Another complication is the cause and significance of hot pixels. An AVHRR pixel will begin to appear anomalously warm, compared to its neighbors, when very hot material (hundred's of degrees) occupy a very small percentage of the total pixel area (much less that 1%). So, when a report mentions four hot pixels, and the pixel is 1 km square, one might be tempted to interpret this as 4 km2 of hot material. However, this is not correct. Typically, only a very small portion of a pixel area is hot, but sufficiently hot to reach the pixel's saturation value of ~50°C. The numbers of hot pixels are not all that relevant in an absolute sense. In a relative sense, however, the number of hot pixels can be important, for example, during episodes where we have seen anomalies grow from 1-4 hot pixels and then reach 10-20 hot pixels after an eruption.

Geologic Background. The high, isolated massif of Sheveluch volcano (also spelled Shiveluch) rises above the lowlands NNE of the Kliuchevskaya volcano group. The 1300 km3 volcano is one of Kamchatka's largest and most active volcanic structures. The summit of roughly 65,000-year-old Stary Shiveluch is truncated by a broad 9-km-wide late-Pleistocene caldera breached to the south. Many lava domes dot its outer flanks. The Molodoy Shiveluch lava dome complex was constructed during the Holocene within the large horseshoe-shaped caldera; Holocene lava dome extrusion also took place on the flanks of Stary Shiveluch. At least 60 large eruptions have occurred during the Holocene, making it the most vigorous andesitic volcano of the Kuril-Kamchatka arc. Widespread tephra layers from these eruptions have provided valuable time markers for dating volcanic events in Kamchatka. Frequent collapses of dome complexes, most recently in 1964, have produced debris avalanches whose deposits cover much of the floor of the breached caldera.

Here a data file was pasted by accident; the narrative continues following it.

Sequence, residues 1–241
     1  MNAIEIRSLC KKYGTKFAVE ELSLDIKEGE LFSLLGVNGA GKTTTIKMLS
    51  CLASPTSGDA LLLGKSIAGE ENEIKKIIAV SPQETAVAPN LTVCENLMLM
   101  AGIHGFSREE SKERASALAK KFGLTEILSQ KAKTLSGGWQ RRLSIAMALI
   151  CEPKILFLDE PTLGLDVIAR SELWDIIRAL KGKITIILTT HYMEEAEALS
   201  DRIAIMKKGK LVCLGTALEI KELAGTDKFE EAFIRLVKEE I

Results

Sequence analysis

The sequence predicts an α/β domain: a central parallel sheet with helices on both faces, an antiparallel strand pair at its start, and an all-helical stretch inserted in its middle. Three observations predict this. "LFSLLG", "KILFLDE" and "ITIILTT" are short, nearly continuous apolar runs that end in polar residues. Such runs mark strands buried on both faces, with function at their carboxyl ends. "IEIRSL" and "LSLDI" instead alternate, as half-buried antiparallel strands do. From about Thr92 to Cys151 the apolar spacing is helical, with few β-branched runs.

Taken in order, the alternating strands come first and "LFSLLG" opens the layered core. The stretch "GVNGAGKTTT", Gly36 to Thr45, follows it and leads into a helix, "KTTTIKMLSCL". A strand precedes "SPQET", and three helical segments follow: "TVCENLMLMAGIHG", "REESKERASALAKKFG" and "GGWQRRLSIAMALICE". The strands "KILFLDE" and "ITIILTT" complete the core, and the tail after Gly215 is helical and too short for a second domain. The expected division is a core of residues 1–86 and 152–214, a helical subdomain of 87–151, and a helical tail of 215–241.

Information Contacts: Olga Chubarova, Kamchatka Volcanic Eruptions Response Team (KVERT), Institute of Volcanic Geology and Geochemistry, Piip Ave. 9, Petropavlovsk-Kamchatsky, 683006, Russia; Tom Miller and Dave Schneider, Alaska Volcano Observatory (AVO), a cooperative program of a) U.S. Geological Survey, 4200 University Drive, Anchorage, AK 99508-4667, USA (URL: http://www.avo.alaska.edu/), b) Geophysical Institute, University of Alaska, PO Box 757320, Fairbanks, AK 99775-7320, USA, and c) Alaska Division of Geological & Geophysical Surveys, 794 University Ave., Suite 200, Fairbanks, AK 99709, USA.


Ulawun (Papua New Guinea) — March 2002 Citation iconCite this Report

Ulawun

Papua New Guinea

5.05°S, 151.33°E; summit elev. 2334 m

All times are local (unless otherwise noted)


Isolated tremor episodes and slow deflation through March 2002